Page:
The intervention tested is an app known as airRx (Figure 2). It was initially funded by a nonprofit organization and is now freely available on both the iOS and Android mobile phone platforms. It was created by the authors (RRB, MDS, CJC) and nonauthors (Joshua Timpe, MD; Claude Thibeault, MD; Paulo Alves; and John Vozenilek, MD) and designed to help non-critical care, non-emergency health care professionals manage common in-flight medical emergencies. The app version (airRx version 1.2.1, 2016) [19] was kept constant during the study. The app has a section on “universal starters” for users to consider for any in-flight medical emergency. There are also sections on medications and equipment to expect on most US major airlines, a complaint-based set of algorithms for management, and medicolegal information.

Figure 2. Screenshot of the airRx app.
View this figure

Case Development

Syncope and shortness of breath were chosen as our in-flight medical emergency scenarios because these are the top two commonly occurring in-flight medical emergencies noted in the literature [1,12]. Case development followed standard simulation case creation guidelines [22]. Real flight attendants (United Airlines, Chicago, Illinois) also participated in the process of scenario design and pilot testing to ensure content validity. Cases are available in Multimedia Appendix 1.

Simulation Environment

The study took place at a university hospital-affiliated simulation center. Space and movement limits that mimicked the floor distances of a Boeing 737 aircraft were created within a simulation laboratory with audiovisual recording capability.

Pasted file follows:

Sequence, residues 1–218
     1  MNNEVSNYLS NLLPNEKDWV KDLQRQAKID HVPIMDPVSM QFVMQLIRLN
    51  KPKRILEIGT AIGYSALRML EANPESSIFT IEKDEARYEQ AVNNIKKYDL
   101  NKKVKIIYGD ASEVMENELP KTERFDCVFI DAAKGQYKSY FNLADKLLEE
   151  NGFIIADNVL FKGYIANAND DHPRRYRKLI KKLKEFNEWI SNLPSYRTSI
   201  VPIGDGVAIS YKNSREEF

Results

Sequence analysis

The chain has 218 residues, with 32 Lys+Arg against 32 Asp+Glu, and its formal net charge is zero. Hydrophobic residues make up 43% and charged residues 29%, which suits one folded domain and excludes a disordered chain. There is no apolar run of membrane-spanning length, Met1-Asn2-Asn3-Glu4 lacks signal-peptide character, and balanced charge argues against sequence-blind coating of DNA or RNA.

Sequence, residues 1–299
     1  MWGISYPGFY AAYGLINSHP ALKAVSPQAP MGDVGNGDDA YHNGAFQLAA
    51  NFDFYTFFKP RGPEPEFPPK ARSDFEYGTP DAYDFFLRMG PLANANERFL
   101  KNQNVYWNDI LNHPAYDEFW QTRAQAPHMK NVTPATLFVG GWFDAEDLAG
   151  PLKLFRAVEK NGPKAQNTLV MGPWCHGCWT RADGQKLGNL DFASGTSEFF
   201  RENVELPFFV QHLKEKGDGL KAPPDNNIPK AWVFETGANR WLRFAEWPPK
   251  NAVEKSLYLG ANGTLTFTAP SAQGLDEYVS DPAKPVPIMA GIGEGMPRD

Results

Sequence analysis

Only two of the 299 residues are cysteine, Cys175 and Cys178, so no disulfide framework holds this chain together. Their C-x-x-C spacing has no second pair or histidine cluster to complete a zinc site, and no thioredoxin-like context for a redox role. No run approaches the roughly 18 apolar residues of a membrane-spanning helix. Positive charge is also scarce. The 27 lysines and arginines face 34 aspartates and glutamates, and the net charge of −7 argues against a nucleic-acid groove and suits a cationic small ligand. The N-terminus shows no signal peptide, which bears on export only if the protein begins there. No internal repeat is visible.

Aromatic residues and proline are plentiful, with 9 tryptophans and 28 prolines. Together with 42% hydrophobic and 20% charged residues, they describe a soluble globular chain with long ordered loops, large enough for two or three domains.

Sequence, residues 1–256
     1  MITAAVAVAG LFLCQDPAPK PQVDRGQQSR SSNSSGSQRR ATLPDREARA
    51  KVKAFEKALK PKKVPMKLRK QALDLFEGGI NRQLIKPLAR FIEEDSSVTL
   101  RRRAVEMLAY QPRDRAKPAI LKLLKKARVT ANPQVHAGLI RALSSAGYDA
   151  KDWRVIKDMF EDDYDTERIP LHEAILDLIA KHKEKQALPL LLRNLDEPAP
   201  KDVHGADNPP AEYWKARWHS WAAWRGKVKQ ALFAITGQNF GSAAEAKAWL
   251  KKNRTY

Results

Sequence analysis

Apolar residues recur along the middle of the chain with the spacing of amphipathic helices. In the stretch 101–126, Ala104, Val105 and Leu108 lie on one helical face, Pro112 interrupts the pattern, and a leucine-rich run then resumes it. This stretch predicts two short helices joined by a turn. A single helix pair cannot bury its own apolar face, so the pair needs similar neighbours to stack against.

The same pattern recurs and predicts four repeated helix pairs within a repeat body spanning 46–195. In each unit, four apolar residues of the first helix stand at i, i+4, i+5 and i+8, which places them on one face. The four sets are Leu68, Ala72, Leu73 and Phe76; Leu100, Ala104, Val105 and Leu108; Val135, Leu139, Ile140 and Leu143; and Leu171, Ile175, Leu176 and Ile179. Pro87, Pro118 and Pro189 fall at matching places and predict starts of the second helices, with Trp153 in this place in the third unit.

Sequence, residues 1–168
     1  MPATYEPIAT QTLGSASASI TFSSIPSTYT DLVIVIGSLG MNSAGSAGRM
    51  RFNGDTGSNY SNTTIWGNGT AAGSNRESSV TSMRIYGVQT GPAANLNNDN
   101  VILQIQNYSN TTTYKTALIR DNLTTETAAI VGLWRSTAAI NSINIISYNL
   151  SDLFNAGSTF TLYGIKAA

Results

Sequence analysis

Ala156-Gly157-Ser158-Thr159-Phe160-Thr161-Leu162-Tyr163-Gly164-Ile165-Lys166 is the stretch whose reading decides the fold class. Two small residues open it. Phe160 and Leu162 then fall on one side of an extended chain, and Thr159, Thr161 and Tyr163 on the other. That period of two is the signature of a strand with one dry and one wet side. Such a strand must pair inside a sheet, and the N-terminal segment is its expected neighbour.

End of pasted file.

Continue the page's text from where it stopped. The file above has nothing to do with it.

The simulation center has a cadre of standardized participants who undergo general and scenario-specific orientation. The standardized participants went through dry runs of each scenario, received feedback on their performance, and were given earbuds for prompts in real time. In each scenario, there was one standardized participant passenger who became ill and one standardized participant passenger bystander who had relevant information if asked. Stable actor cohorts played these roles. Pathologic physical exam findings were given on cue through prewritten cards from the bystander standardized participant because healthy patient standardized participants could not mimic symptoms such as wheezing.

For each case there were also two standardized participant flight attendants who communicated with the investigators in the simulation control room (“pilot” and “ground medical support”) and relayed responses to the participants. Real flight attendants trained standardized participants to portray flight attendant roles through direct observations of their performance in pilot simulations, video review, and discussion of planned responses to questions. To isolate participant performances, we instructed the flight attendants to be helpful and follow directions but wait to inform ground medical control until instructed. Thus, we controlled for variable airline protocols, flight attendant training, and individual responses expected in real life.